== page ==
When I am working with my customers I try to prepare them for what January has to offer. Expect roots, is always my lead in. Expect a lot of them. Expect potatoes, radishes, carrots, onions and celeriac but also expect Winter squash. If we are lucky and the weather permits you might even see some winter hardy greens like kale and winter lettuce mix. Often the amount of roots that are part of this season can seem intimidating but the great thing about winter produce is that is stores well; really well. There is a reason that root cellars used to be commonplace in homes, providing a perfect temperature for the roots to keep until the snow begins to melt and greens start to answer the call of the sun’s warmth.
Roots inspire me, or maybe it is the need to bring something cozy to the dinner table. Either way, the relationship between the weather outside and the root-filled pantry led me to create a smoky vegetable beef soup using leftover baked potatoes, dried smoked sweet peppers, garlic, salt, oregano, apple cider vinegar, broth, frozen tomatoes, purple topped turnips, and celeriac. It was a hardy meal that warmed us all, as we lifted our glasses in cheer and slurped up broth between laughs and shared stories of our day.
January can be a challenging month to eat locally, depending upon your location, but it also offers up the opportunity to explore all the possibilities that root vegetables, Winter squash and greens have to offer. And although January is bitterly cold in the Pacific Northwest, it opens the door to hope and new beginnings. It is the month that feels like the stillness before the burst of energy that Spring brings.
About the Author
Jen Iacoboni lives in the Pacific Northwest where she runs a boutique style community supported agriculture business called Heart in Soil. Jen works with local farmers to bring seasonal food to her customers. She enjoys spending time in her kitchen cooking, baking and creating new recipes, and cooking from some of her favorite cookbooks. Jen dabbles in growing her own food at her city home and feels it is an important experience for the human body to grow something, to cook something, to be part of the food that nourishes our bodies.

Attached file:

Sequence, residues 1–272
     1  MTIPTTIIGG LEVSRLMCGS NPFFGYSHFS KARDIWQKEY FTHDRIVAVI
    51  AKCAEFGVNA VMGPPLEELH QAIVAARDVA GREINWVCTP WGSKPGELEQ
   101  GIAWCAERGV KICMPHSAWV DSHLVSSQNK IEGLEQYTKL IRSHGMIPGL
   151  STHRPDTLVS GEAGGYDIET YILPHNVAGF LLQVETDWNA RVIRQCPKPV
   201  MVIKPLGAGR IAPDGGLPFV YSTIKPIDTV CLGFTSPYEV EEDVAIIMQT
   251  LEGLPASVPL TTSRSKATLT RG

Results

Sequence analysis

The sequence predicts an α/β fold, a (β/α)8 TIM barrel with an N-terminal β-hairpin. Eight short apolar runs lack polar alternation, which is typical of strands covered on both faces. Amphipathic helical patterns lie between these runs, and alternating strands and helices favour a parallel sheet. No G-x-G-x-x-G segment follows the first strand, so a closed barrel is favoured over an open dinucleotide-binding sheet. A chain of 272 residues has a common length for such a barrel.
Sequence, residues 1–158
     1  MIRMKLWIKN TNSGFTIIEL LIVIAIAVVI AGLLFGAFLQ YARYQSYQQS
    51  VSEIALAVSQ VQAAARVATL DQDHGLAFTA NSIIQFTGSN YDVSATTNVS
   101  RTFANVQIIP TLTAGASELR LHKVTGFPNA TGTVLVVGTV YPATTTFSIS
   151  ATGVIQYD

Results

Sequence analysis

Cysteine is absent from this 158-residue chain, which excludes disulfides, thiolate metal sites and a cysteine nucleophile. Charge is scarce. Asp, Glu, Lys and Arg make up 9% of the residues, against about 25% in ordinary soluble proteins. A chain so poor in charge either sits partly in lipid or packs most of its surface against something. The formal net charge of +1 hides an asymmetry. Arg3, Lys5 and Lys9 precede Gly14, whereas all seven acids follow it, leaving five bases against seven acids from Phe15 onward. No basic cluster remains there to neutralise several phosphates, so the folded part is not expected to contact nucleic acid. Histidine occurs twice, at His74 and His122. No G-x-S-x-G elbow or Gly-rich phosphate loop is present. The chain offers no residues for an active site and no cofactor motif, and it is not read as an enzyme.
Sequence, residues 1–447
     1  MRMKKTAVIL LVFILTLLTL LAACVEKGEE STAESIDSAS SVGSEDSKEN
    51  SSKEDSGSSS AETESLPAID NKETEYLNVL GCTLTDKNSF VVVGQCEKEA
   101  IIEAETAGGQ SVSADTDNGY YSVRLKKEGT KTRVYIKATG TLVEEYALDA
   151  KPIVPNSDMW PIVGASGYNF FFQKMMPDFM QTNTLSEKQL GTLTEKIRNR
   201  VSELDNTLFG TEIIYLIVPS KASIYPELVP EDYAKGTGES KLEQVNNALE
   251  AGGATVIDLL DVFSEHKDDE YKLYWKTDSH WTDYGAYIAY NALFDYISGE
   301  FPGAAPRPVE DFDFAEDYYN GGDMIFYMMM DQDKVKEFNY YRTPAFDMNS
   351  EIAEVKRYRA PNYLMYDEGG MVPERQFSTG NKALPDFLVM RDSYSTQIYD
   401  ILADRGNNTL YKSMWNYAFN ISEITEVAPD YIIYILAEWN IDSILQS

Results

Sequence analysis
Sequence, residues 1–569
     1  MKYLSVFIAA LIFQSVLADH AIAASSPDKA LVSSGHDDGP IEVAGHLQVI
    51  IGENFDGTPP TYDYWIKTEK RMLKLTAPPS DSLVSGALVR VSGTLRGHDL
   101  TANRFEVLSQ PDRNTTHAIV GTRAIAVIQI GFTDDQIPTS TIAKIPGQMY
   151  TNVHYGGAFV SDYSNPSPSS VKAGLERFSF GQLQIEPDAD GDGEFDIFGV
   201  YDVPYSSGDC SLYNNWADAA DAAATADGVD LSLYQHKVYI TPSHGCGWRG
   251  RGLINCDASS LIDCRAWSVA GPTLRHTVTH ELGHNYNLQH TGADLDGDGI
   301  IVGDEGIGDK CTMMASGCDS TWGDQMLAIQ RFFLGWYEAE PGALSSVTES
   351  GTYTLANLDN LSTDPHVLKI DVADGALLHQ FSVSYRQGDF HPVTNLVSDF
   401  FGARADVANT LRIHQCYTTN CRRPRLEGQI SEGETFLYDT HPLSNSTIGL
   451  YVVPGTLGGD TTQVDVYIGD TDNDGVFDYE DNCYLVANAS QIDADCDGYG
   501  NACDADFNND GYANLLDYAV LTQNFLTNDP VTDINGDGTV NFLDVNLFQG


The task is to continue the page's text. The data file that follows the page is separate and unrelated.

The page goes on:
Jen’s Smoky Vegetable Soup
Course: Main Course
Prep Time: 30 min
Cook Time: 30 min
Total Time: 1 hr
- 1-2 medium baked potatoes
- 4 sweet smoked peppers or 1-2 teaspoons smoked paprika
- 5 cloves garlic
- 1-2 tsp salt
- 1 tsp oregano
- 2-3 cups water
- 2 Tbl apple cider vinegar
- 2-3 cups broth
- 4 frozen tomatoes (or 2-4 cups crushed tomatoes)
- 2-4 purple topped turnips sliced into 1 inch cubes
- 1 medium sized celeriac peeled and sliced into 1 inch cubes
- 1 lb hamburger meat (optional)
- 1 medium sized onion
- 1 Tbl rosemary
- 1⁄2-1 cup milk (optional)
- Combine baked potatoes, smoked sweet peppers, garlic, salt, oregano, and water and process in a blender until smooth.
- Transfer into a stock pot and add the apple cider vinegar, broth, tomatoes, turnips and celeriac. Bring to a boil.
- In the meantime, in a skillet sauté onion, add in hamburger meat (you could use a smoky tempeh or lentils instead), sprinkle with salt.
- Once the meat is cooked and onions are tender, transfer into the stockpot and stir. Add rosemary and milk (optional).
- Turn down to a simmer and simmer 20-30 minutes at least or longer for more flavor.